Textbook Notes (363,082)
Canada (158,181)
Psychology (512)
PSYCO223 (18)
Chapter 1

Chapter 1.docx

3 Pages
Unlock Document

University of Alberta
Dayuma Vargas Lascano

Chapter 1: Introduction Development: the pattern of movement or change that begins at conception and continues through the human life span The Lifespan Perspective - Traditional approach used to be: lots of change from birth to adolescence, little or no change during adulthood, and decline in old age - Upper boundary of human life span: 122 years – hasn’t ever changed - What has changed – life expectancy: average number of years a person born in a particular year can expect to live - Life span perspective: view of development as being lifelong, multidimensional, multidirectional, plastic, multidisciplinary and contextual; involving growth, maintenance, and regulation of loss; and constructed through biological, sociocultural and individual factors working together Development is… - Lifelong: no age period predominates development - Multidimensional: your body, mind, emotions and relationships change and affect each other o development has biological, cognitive and socio-emotional dimensions o within each of these dimensions there are many components - Multidirectional: some dimensions can expand while others shrink o ex: when one language is acquired early in development, the capacity for acquiring second/third languages decreases later in development - Plastic: plasticity means the capacity for change - Multidisciplinary - Contextual: all development occurs within a context, or a setting o ex: families, neighborhoods, schools, peer groups, work settings, cities, etc. o each of these settings is influenced by historical, economic, social and cultural factors o these contexts also change  we are changing beings in a changing world o as a result of these changes, contexts have three types of influences: 1) normative age graded influences: similar for individuals in a particular age group  puberty, menopause, beginning formal education at around ~6, retirement when in the 60’s 2) normative history-graded influences: common to people of a particular generation because of historical circumstances  baby boomers living through Cuban missile crisis, living through WWII, Great Depression, or us with the integration of technology in everyday life, also includes changes in genetic/cultural makeup of a population because of immigration/fertility rates 3) non-normative life events: unusual occurrences that have a major impact on an individual’s life  death of a parent when a child, teenage pregnancy, winning the lottery - development involves growth, maintenance and regulation of loss: as you age the maintenance and regulation of loss is more important than growth - development is a co-construction of biology, culture and the individual: brain shapes culture, but is also shaped by culture Some Contemporary Concerns - health and well being - parenting and education - sociocultural contexts and diversity - social policy Culture: behaviour, patterns, beliefs, and all other products of a group that are passed on from generation to generation Ethnicity: characteristic based on cultural heritage, nationality, race, religion, and language  ex: African Americans, Latinos, native Americans, diversity exists within each ethnic group Socioeconomic status SES: person’s position in society based on occupational, educational and economic characteristics Gender: characteristics of people as females or males Social Policy: government’s course of action designed to promote welfare of citizens – values, economics, politics - prenatal period: conception to birth - infancy: birth to 18/24 months - early childhood: until 5/6 years -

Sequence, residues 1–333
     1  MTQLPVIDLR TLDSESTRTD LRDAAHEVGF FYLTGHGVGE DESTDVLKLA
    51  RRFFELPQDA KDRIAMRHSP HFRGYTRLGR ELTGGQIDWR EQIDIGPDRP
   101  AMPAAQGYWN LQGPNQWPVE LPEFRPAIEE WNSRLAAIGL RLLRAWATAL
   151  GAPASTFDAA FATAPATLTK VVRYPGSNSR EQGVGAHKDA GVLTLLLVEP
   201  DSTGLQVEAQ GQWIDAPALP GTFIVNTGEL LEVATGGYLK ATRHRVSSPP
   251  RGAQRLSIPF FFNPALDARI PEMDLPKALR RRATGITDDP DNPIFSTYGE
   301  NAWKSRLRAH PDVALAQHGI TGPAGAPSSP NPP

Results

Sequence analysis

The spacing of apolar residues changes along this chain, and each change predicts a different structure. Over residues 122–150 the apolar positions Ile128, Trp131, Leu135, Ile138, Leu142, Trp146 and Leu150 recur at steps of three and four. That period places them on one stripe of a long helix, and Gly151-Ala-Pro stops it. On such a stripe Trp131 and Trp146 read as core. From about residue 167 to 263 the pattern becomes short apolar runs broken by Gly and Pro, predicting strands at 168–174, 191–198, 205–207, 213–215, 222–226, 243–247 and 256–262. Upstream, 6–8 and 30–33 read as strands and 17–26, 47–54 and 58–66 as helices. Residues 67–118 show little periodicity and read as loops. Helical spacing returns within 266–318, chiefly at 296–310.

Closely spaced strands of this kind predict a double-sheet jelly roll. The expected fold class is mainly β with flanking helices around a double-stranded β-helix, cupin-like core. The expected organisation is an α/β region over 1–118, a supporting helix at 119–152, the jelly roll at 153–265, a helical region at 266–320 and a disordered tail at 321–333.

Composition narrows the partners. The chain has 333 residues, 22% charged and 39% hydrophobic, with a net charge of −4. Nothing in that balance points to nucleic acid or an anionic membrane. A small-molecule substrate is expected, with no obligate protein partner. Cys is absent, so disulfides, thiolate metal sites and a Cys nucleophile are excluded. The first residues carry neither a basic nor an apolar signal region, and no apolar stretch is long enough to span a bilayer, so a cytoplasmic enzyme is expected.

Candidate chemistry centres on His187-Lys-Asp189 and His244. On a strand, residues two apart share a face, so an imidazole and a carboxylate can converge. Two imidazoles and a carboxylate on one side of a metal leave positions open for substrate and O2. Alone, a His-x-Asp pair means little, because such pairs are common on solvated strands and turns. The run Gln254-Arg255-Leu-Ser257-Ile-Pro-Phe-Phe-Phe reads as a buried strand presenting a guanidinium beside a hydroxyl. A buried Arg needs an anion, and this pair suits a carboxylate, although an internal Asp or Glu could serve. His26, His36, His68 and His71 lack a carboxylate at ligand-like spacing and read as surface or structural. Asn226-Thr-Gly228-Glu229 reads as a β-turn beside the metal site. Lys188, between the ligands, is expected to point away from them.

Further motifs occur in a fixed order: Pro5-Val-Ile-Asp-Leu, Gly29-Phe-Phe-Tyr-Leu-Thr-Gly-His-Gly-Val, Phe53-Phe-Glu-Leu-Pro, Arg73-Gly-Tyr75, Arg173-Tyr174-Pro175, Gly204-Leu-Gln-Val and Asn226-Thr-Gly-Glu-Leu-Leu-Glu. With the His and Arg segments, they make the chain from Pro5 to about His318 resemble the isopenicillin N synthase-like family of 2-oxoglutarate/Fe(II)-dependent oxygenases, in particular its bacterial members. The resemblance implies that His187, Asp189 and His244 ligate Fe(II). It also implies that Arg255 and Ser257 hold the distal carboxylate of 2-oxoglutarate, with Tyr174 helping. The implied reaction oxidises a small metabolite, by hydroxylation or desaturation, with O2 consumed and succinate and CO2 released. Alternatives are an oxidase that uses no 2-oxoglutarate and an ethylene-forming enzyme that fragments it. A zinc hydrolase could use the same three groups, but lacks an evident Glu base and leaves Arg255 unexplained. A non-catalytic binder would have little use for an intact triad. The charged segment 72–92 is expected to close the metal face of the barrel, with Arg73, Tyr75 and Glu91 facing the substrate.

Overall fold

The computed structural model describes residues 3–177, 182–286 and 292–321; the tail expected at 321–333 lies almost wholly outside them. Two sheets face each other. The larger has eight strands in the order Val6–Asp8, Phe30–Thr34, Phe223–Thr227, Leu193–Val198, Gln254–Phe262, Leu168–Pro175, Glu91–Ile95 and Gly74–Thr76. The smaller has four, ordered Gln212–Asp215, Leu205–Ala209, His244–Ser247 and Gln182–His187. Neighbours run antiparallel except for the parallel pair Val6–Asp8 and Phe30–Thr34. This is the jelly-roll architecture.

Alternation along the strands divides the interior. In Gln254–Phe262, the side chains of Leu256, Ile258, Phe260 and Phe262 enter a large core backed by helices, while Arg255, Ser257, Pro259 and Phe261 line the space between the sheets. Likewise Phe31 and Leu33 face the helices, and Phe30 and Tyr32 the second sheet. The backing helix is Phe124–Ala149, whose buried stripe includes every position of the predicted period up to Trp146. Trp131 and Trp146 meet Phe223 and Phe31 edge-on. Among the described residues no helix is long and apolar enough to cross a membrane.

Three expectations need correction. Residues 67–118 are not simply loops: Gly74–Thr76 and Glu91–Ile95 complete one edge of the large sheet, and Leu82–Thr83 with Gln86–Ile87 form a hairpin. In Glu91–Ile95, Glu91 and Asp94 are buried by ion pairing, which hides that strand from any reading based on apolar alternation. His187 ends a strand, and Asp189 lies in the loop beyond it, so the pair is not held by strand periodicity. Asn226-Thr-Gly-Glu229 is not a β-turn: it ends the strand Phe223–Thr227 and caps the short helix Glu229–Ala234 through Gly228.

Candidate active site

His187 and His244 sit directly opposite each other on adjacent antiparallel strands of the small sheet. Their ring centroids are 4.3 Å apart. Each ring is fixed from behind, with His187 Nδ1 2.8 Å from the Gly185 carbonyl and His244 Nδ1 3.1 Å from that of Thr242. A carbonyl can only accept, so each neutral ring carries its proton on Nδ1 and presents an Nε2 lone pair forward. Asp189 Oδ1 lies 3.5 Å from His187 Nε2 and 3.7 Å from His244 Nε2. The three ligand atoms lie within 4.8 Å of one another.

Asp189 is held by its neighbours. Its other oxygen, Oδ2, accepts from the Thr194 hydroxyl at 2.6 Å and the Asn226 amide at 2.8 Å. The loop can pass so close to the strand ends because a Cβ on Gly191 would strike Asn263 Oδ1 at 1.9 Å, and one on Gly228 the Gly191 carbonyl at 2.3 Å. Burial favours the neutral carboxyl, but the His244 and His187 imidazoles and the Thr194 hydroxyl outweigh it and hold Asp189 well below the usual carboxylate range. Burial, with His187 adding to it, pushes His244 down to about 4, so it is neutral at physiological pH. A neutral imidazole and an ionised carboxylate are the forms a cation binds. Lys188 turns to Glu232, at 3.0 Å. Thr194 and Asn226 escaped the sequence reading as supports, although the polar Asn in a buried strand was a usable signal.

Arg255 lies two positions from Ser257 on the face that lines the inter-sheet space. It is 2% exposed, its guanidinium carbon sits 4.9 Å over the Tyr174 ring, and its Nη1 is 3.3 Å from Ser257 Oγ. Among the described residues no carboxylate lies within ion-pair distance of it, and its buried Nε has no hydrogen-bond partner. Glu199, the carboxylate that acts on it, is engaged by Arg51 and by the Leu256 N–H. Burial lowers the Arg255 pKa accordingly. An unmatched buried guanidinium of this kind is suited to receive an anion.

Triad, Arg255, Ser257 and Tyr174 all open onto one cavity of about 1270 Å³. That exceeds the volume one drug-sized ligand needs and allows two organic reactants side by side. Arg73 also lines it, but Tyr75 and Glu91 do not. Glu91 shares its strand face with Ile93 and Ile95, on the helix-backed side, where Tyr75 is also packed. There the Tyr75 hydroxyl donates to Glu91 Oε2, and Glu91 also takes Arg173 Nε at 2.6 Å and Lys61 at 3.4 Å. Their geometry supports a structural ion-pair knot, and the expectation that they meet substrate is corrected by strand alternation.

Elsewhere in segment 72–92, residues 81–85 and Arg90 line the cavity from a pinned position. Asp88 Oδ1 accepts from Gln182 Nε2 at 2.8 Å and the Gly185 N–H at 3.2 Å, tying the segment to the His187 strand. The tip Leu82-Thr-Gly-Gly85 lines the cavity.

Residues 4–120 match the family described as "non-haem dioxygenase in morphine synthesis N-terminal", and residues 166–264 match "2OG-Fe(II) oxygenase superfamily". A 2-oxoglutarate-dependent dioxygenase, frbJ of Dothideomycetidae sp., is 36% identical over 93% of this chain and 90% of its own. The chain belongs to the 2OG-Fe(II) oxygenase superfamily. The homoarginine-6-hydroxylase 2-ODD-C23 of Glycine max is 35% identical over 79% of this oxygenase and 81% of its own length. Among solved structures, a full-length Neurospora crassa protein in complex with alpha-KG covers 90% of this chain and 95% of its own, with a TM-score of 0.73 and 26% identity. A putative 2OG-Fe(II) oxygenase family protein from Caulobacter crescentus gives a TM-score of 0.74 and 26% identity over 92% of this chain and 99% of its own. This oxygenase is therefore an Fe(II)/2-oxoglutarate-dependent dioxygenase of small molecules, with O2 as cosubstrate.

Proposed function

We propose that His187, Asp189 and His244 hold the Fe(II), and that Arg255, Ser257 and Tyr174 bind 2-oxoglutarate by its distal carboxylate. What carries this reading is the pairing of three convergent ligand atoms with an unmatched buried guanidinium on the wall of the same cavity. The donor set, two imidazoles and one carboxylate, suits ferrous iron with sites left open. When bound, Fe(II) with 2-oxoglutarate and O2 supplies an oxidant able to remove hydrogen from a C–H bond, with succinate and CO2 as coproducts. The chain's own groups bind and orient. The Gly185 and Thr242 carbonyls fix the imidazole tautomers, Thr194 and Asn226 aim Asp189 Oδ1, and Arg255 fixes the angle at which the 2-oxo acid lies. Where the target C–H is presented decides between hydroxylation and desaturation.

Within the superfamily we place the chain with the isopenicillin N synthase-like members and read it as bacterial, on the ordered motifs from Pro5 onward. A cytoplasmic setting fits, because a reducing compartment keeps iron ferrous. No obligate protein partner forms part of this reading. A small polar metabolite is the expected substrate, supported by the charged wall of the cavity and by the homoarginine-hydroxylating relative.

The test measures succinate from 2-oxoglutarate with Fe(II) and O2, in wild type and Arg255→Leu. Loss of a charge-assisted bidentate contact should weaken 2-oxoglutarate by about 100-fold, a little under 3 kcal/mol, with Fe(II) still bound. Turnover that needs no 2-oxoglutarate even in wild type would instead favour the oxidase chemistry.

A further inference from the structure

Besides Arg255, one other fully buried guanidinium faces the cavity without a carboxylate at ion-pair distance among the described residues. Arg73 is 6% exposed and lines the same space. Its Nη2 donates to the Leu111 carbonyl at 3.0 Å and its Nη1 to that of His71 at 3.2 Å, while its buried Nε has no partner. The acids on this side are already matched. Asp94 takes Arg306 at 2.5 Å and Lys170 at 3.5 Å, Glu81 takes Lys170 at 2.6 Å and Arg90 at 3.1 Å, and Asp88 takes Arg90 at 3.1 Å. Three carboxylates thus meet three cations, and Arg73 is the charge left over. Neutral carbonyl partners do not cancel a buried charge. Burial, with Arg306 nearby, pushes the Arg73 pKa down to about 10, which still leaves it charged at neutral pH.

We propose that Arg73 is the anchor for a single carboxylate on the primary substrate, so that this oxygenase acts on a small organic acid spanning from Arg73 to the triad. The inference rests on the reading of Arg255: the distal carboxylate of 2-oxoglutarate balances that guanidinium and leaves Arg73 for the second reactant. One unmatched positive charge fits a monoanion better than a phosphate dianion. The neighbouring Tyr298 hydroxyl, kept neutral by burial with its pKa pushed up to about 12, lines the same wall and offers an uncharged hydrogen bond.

More Less

Related notes for PSYCO223

Log In


Don't have an account?

Join OneClass

Access over 10 million pages of study
documents for 1.3 million courses.

Sign up

Join to view


By registering, I agree to the Terms and Privacy Policies
Already have an account?
Just a few more details

So we can recommend you notes for your school.

Reset Password

Please enter below the email address you registered with and we will send you a link to reset your password.

Add your courses

Get notes from the top students in your class.